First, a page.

EDITORIAL: Is second term for Trump inevitable?

April 20, 2020   ·   0 Comments

AS MATTERS STAND, two things appear to be inevitable: former U.S. Vice-President Joe Biden’s nomination as the Democratic party’s presidential candidate and his loss next November to the incumbent, Donald Trump.

Mr. Biden’s nice-guy image might see him do better than Hillary Clinton, but his age and tendency to obfuscate leave him no match for the bluster of Mr. Trump, who has managed to achieve an approval rating in recent polls of about 43 per cent, a lot better than he scored a year or so ago, when the rating was just slightly over 30 per cent.

Historians will certainly fault the Trump administration for its failure to respond quickly to the threat posed by the COVID-19 outbreak in China, the single move being to halt flights from China.

This week’s latest move by the president was to halt U.S. funding of the World Health Organization in the midst of the pandemic, on grounds it has mismanaged the crisis and favours China.

That was a classic move by a politician who has never been able to acknowledge having made a mistake and now blames WHO, China, U.S. stage governors and the “fake news” media for the fact that as of Wednesday more than 26,000 Americans have been killed by the same virus that has reportedly taken just 3,342 lives in China and 225 and 146, respectively, in South Korea and Japan.

There seems little doubt that authorities in South Korea and Japan got no earlier warning than their colleagues in the U.S. The big difference seems to be the earlier actions both countries took, particularly in massive testing for the new virus.

While all this was taking place, little or nothing was heard from the Biden camp, the main developments being the withdrawal of Bernie Sanders as the only other contender and more recently the public endorsement of Mr. Biden by his old boss, former president Barack Obama, which hardly came as a surprise.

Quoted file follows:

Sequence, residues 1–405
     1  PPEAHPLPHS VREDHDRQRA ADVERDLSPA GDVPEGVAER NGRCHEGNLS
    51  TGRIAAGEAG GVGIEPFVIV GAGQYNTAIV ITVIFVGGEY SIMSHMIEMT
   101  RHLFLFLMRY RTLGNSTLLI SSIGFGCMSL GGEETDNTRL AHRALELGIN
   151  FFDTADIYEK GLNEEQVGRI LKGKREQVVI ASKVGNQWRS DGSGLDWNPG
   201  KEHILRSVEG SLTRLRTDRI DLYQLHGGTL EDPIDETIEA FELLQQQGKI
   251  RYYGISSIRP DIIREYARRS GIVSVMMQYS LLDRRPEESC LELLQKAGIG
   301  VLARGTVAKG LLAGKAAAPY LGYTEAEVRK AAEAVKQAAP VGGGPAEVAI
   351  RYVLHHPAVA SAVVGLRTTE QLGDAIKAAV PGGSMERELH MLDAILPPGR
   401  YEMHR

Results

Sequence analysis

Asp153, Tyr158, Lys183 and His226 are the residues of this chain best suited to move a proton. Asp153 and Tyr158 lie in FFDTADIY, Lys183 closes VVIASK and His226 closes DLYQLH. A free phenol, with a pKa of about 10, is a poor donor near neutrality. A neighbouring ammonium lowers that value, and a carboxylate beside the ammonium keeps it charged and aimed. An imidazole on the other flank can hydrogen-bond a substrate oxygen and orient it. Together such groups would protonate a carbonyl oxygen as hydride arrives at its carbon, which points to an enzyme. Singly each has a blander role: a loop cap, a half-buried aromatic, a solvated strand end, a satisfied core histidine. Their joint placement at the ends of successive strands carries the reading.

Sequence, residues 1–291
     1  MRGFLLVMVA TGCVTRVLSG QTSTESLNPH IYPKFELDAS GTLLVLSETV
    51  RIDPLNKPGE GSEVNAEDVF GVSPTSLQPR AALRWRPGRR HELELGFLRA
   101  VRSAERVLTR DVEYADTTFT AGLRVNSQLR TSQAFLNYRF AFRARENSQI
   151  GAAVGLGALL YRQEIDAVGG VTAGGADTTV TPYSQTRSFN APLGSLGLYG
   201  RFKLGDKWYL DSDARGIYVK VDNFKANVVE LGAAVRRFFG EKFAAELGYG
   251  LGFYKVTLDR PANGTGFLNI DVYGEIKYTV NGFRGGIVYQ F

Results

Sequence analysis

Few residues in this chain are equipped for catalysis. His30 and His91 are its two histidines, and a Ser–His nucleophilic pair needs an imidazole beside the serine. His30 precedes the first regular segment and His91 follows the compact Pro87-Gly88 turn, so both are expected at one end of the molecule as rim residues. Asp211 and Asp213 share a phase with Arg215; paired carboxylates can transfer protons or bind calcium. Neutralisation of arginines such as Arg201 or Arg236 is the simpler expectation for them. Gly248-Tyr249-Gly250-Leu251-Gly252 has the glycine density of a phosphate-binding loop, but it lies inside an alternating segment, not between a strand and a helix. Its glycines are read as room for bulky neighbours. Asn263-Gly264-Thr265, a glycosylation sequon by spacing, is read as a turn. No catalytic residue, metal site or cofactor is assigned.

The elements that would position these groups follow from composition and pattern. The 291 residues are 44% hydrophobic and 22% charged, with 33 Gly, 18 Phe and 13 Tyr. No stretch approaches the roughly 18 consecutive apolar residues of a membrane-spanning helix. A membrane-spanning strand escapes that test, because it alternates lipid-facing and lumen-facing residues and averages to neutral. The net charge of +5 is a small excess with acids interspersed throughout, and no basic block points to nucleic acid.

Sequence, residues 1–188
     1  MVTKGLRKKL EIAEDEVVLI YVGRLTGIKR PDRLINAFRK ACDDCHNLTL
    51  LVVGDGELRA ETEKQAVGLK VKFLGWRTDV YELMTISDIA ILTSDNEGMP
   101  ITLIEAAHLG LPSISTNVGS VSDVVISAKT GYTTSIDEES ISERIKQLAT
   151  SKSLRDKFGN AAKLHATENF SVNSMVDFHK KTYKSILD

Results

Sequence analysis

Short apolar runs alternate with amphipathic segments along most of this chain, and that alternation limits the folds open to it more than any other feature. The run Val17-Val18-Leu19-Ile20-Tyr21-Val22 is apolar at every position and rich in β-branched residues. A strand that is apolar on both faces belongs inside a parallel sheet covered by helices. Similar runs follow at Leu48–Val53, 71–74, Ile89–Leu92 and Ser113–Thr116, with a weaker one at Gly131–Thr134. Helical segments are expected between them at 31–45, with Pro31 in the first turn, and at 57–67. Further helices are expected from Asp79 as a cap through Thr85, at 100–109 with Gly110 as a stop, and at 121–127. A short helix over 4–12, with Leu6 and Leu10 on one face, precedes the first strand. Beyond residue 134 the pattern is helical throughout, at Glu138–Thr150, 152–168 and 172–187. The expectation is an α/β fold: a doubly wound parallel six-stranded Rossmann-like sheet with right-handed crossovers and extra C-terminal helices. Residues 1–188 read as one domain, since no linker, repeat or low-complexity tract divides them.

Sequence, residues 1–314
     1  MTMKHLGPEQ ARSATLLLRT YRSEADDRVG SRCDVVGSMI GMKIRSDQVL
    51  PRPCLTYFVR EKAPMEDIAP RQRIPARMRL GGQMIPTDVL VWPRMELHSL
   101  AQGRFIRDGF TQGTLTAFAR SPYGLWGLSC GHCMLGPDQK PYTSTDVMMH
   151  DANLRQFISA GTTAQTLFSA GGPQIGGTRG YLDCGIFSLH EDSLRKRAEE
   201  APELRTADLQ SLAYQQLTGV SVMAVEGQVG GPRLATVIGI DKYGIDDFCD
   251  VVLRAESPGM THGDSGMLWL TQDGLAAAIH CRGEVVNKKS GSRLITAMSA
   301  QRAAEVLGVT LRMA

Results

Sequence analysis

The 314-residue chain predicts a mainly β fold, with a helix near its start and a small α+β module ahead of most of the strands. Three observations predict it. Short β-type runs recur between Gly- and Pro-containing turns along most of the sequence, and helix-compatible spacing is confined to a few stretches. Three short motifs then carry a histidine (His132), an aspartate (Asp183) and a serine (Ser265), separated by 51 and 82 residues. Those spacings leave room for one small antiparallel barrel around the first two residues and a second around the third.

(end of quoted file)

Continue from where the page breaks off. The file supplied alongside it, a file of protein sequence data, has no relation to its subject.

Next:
Yet to be finally decided is when or whether the Democrats will hold their nominating convention, the current expectation being that it will be in mid-August in Milwaukee, Wisconsin, with only a tiny fraction of the normal number of delegates attending in the circumstances and Mr. Biden as certain to win the nomination.

But back to the original question: is a Trump victory in the November presidential election a virtual certainty?

We think so, unless something happens that is likely unprecedented in U.S. politics, and Joe Biden withdraws as a candidate, perhaps citing personal reasons such as his doctor’s advice.

Should that happen, the door would be open for a candidate who has a better chance of beating Mr. Trump. And while at one point there were more than 20 men and women seeking the party’s nomination, none of them would fit the bill.

Indeed, there is only one politician we see as having the ability, and he has persistently denied any interest in taking the job. 

But he is a lot younger than Joe Biden and has demonstrated an ability to deal capably in the epicentre of the coronavirus outbreak. And unlike Mr. Biden he has been enjoying a high profile, with daily televised press conferences in Albany, N.Y., with the state’s top health officials.

Andrew Cuomo, 61, has been governor of New York State for nine years and would likely have no difficulty in retaining that office if he so wished.

Unlike Mr. Trump, whose background was in real estate and television, Mr. Cuomo comes from a political dynasty, his late father having served three terms as the state’s governor, and perhaps because of this he has thus far made few mistakes.

During his governorship, he oversaw passage of a law legalizing same-sex marriage; creation of the United States Climate Alliance, a group of states committed to fighting climate change by following the terms of the Paris Climate Accords; passage of the strictest gun control law in the U.S.; Medicaid expansion; a new tax code that raised taxes for the wealthy and lowered taxes for the middle class; paid family leave; an increase in the minimum wage; wage equality; and legislation legalizing medical marijuana.

Should a miracle happen and a “draft Cuomo” campaign be launched, Mr. Trump would have good reason to be fearful.


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